Australian Journal of Botany Australian Journal of Botany Society
Southern hemisphere botanical ecosystems

Effect of altitude on resource allocation in the weed Achillea millefolium (yarrow, Asteraceae) in the Australian Alps

Frances Mary Johnston A C and Catherine Marina Pickering B
+ Author Affiliations
- Author Affiliations

A PO Box 192, 40 McIntosh Circuit, Murrumbateman, NSW 2586, Australia.

B School of Environmental and Applied Sciences, Griffith University, Gold Coast Campus, PMB 50 Gold Coast Mail Centre, Qld 9726, Australia.

C Corresponding author. Email:

Australian Journal of Botany 52(5) 639-646
Submitted: 6 January 2003  Accepted: 9 July 2004   Published: 25 October 2004


Increasing severity of environment associated with increasing altitude in mountain ecosystems (decreasing temperature, increasing duration of snow cover) can affect relative and absolute biomass-allocation patterns in plants. Biomass allocation was examined along a 620-m altitudinal gradient in the Australian Alps for the important environmental weed Achillea millefolium (L., Asteraceae, yarrow). Relative and absolute biomass allocation (dry weight) to reproductive (capitula, flowering stems and associated leaves), vegetative (leaves not on the flowering stem) and below-ground structures (rhizome and roots) were measured at each of nine sites by using quadrats. Increasing altitude resulted in a decrease in relative and absolute allocation of biomass to reproductive structures. For example, the dry weight of inflorescences declined as altitude increased because of a decrease in the weight of the terminal and side branches of the inflorescences, but not the total number of capitula produced. There was also a trend for increased relative allocation to below-ground structures with increasing altitude, even though altitude did not affect absolute allocation to below-ground and vegetative structures, or the total dry weight of A. millefolium. These results are consistent with those for other species growing at high altitude. The management implications for the control of A. millefolium in the Australian Alps are discussed, including in relation to predicted climatic change.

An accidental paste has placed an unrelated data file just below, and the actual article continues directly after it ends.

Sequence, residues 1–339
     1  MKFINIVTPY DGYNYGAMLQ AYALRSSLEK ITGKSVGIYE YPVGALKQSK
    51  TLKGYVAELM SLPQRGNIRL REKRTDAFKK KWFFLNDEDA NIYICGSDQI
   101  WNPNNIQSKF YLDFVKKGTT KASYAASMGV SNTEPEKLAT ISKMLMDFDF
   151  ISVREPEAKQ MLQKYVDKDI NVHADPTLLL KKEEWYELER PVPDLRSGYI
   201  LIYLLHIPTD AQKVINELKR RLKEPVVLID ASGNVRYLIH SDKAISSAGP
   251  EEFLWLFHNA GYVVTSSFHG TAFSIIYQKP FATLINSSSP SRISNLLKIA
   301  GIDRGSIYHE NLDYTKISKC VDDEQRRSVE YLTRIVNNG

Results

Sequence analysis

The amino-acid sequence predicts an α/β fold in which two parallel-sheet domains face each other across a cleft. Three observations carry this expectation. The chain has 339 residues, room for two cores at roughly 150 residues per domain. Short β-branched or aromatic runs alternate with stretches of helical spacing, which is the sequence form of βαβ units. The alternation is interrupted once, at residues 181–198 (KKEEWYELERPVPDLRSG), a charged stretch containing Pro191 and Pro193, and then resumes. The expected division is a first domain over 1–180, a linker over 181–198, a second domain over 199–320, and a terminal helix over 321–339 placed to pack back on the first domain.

This research was supported by the Cooperative Research Centre for Sustainable Tourism and the New South Wales National Parks and Wildlife Service. The authors thank Wendy Hill for fieldwork assistance and comments on a draft of this manuscript and Darri Adamson of Editing Matters for proof reading the manuscript. Thanks also go to Stuart, William, Megan and Evonne Johnston for assistance in the preparation and measurement of plant material. The comments of two anonymous reviewers are appreciated.


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